As Barbara Walvoord and Virginia Anderson point out in their venerable book on grading (now available in a revised 2nd edition) goals can motivate students. Unfortunately, too often they are motivated only by the goal of getting grades and getting courses out of the way. Walvoord and Anderson suggest you tell student you know they have these goals but that you are (and they should) also be interested in what they want to learn in the course. Here are some of Walvoord’s and Anderson’s good ideas for making learning goals a part of the learning experience in a course.
- At the beginning of the course have students write down their learning goals. If you need to, make it an assignment and offer a few points for doing so.
- Discuss their goals in class. Students can share them in small groups or with the whole class. In class have students pass their goals to someone else and keep passing the goals until no knows whose goal they have. Then ask some students to read that goal. If you’re up for a bit of fun and modest mayhem, have students ball up the paper with their goal and toss it to someone else. Encourage students to toss these papers around the room for a bit. Then they can uncrumple the paper and read the goal out loud. The idea is to give students a sense of each other’s goals.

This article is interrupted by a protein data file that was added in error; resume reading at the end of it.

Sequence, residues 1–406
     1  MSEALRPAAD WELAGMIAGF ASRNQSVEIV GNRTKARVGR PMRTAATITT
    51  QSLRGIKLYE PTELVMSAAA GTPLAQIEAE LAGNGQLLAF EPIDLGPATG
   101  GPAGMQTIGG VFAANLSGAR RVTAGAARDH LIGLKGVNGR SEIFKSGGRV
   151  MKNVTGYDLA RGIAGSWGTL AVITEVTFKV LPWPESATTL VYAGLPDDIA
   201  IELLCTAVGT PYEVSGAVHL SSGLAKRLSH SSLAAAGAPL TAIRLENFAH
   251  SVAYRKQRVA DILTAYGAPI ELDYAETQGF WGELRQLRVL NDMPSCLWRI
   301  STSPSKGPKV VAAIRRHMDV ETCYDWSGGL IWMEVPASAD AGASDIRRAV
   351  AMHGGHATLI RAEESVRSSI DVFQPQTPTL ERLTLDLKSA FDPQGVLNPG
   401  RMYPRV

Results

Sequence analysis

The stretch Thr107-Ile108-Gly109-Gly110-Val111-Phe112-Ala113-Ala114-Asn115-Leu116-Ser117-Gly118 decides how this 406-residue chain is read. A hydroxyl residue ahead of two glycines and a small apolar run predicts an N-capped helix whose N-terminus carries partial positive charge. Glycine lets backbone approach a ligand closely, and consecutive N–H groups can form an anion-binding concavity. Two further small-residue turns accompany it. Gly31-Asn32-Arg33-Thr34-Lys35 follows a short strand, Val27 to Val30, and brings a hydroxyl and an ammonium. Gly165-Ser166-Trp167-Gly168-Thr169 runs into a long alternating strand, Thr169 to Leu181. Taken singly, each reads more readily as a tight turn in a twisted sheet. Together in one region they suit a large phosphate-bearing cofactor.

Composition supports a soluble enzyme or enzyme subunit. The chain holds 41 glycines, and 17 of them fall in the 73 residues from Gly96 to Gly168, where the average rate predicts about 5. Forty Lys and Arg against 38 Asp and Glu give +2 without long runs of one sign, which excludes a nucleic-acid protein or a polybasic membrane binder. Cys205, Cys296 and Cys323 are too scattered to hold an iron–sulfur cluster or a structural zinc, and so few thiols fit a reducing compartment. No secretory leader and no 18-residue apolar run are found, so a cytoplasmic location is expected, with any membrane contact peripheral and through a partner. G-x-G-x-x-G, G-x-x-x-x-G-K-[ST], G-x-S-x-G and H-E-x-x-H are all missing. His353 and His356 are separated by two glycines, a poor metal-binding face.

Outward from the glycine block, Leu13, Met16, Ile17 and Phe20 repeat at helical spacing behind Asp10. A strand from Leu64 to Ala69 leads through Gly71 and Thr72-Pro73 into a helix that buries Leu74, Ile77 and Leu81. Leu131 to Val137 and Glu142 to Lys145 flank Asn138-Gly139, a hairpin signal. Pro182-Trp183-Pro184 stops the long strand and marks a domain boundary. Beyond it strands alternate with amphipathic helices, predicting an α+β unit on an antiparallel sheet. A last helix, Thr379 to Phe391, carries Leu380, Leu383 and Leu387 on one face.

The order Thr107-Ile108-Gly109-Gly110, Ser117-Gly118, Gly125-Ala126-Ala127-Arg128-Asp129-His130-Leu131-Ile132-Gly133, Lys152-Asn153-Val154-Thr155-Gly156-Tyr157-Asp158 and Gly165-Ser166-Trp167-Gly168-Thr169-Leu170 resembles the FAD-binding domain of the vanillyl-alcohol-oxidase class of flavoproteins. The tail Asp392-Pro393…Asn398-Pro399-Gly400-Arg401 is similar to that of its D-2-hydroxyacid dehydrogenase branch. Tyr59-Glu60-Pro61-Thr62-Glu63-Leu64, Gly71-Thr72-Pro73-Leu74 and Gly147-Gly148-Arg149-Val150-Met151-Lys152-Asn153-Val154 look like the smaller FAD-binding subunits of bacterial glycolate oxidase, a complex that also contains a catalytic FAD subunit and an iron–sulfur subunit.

- After hearing the students’ goals, collect them, prepare a summary, and discuss how their goals will or will not be addressed in the course. If you haven’t already, this can be a very effective time to distribute and discuss the syllabus.
- Then you might want to have students revise their goals, preserving them in a prominent place in their course notebooks. Some faculty (with small classes) use discussion of these individual goals as the basis of a short getting-to-know-you conversation with students. This option is viable only if class sizes are small, although maybe individual goals could be commented on in an email.
- If the goals are preserved in students’ notebooks, they can be revisited during the course. Have any of the goals been achieved? Are we making progress with others? Or, when presenting content you might mention its relevance to certain goals.
- A review of these goals makes a great end-of-course activity. Were the goals achieved? How? Were the goals important? Do they make it more likely that content will be remembered? Is having a learning goal a good idea? Why? What did the teacher and fellow classmates contribute to the accomplishment of the learning goals?
Reference: Walvoord, B. E. and Anderson, V. J. (2010). Effective Grading: A Tool for Learning and Assessment. 2nd ed. Jossey-Bass, 2010.